They shed light on protein conformations in the solid state
23 September 2020, 12:55
The presence of an even small amount of water in the freeze-drying biotherapeutic formulations can have a negative impact on their long-term stability and storage. Using a synchrotron-based technique, researchers from MAU together with partners within NBF (SOBI, RISE, MAXIV) can now provide a new way to extract the structural information of proteins in the solid state and during the rehydration, which is an important piece of puzzle to better understanding the relation between the moisture content and protein stability in solid state formulations.
The stability of biologically produced pharmaceuticals is a limiting factor for commercialization. This can be improved by production in solid state, mostly via lyophilization. Solid formulations involve stages where they are exposed to low levels of hydration. The presence and behaviour of residual water after drying are however not well understood and yet they most likely affect the physical and chemical stability of the biological drug. Understanding the mechanisms of destabilization of proteins in the dry/semi dry state is essential to the development of more stable and effective drugs.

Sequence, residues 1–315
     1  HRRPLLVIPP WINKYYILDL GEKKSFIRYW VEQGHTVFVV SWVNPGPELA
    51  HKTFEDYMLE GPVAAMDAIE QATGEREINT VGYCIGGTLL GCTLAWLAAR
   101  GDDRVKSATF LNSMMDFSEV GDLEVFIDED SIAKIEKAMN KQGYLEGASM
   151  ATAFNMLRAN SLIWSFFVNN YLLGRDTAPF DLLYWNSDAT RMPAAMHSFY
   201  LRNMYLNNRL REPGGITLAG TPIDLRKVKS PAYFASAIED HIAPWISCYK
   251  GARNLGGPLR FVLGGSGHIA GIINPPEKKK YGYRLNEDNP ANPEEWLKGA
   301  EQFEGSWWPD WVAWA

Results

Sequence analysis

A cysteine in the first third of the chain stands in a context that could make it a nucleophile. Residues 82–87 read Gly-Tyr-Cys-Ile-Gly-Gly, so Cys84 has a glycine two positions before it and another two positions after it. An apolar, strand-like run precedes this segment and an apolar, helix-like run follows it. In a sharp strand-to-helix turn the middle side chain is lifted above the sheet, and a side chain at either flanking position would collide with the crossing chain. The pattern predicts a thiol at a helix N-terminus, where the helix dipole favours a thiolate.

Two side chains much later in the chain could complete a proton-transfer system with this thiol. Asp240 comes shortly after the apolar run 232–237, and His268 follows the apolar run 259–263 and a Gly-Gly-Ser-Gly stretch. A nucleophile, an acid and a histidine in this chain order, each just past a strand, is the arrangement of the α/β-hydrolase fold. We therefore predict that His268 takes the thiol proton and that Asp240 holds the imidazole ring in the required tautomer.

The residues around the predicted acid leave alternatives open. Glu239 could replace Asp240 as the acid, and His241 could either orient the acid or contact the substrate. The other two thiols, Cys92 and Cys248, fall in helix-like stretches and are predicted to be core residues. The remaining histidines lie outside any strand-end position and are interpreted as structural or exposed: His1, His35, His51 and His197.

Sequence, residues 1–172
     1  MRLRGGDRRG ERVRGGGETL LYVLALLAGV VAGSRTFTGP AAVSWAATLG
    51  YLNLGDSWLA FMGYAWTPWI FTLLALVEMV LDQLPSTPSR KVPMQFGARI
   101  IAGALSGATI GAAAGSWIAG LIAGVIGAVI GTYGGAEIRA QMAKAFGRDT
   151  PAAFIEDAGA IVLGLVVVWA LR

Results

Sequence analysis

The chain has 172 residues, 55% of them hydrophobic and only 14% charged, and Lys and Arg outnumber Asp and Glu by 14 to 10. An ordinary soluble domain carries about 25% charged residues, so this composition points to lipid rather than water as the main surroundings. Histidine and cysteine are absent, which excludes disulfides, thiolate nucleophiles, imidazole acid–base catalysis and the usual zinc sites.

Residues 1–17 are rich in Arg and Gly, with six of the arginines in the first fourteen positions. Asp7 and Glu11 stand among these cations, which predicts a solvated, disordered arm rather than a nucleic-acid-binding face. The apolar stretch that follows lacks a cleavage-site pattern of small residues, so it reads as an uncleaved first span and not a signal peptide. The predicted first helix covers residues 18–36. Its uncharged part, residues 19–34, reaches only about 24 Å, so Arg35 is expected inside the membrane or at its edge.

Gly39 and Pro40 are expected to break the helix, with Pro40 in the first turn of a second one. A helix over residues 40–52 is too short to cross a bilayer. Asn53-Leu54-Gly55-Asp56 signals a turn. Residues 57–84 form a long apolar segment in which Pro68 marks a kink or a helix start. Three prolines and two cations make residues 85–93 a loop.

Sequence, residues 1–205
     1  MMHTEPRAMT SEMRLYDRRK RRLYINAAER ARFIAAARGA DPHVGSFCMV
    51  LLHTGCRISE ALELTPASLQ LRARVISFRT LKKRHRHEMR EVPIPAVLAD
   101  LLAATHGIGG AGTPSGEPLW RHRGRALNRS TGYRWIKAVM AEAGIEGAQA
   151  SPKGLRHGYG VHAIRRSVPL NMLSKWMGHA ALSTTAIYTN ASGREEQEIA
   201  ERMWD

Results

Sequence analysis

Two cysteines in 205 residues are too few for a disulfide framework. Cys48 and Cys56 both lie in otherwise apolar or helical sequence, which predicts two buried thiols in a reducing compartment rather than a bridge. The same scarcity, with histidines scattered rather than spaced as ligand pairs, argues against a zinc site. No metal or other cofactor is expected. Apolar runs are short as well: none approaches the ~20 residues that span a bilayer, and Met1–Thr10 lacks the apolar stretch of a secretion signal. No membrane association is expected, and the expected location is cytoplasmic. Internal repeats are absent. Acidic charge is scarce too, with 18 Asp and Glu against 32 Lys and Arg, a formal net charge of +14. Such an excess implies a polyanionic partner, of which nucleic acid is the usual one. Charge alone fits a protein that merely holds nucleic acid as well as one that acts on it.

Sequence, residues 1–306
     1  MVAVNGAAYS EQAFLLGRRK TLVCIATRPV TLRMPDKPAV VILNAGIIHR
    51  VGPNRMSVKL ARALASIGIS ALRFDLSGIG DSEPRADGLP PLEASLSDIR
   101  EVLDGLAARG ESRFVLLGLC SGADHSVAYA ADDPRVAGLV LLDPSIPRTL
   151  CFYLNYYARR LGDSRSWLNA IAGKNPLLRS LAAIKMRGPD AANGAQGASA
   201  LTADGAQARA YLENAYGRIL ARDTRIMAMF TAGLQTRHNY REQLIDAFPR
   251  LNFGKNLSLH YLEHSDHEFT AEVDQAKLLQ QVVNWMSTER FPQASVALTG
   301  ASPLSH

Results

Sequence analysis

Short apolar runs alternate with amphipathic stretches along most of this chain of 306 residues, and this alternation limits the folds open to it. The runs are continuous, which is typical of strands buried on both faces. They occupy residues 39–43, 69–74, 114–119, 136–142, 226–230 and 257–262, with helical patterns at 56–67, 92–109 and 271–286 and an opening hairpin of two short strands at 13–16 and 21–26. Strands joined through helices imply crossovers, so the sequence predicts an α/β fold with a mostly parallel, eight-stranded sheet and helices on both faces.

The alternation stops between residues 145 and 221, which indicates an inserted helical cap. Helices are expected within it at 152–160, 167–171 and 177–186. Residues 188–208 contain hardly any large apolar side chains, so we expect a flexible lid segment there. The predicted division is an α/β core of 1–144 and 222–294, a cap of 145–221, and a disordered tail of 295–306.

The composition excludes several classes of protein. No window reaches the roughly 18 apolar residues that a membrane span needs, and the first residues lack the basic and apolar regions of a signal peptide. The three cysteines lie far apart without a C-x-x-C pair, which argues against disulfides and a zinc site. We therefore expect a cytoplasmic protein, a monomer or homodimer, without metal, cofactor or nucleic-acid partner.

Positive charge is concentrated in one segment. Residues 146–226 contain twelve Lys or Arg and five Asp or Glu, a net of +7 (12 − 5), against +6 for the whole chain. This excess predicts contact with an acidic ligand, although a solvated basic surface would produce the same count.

The new study, recently published in the journal of Molecular Pharmaceutics, on a model protein, lysozyme in the presence of water from very low amount (few percent as in freeze-dry powder) up to highly diluted solution. The study is important in that it provides structural information that is complementary to studies using other techniques such as DSC and Raman and appears to confirm what has been suspected, i.e., proteins undergo distortion upon drying and pack to fill the space that was occupied by water.
The data presented in the article show that below 35 wt % water, the lysozyme molecules are distorted to fulfill the space-filling requirements. The distortion of the overall structure in the dry conditions, together with other stresses during/upon dehydration, reversibly changes the native structure of the protein. The researchers developed a new method using small and wide-angle X-ray scattering techniques to study powder to make results available down to intramolecular length scales.
The next step for the researchers is to apply the method to investigate other biotherapeutic products in the presence of excipients as well as in real time processing.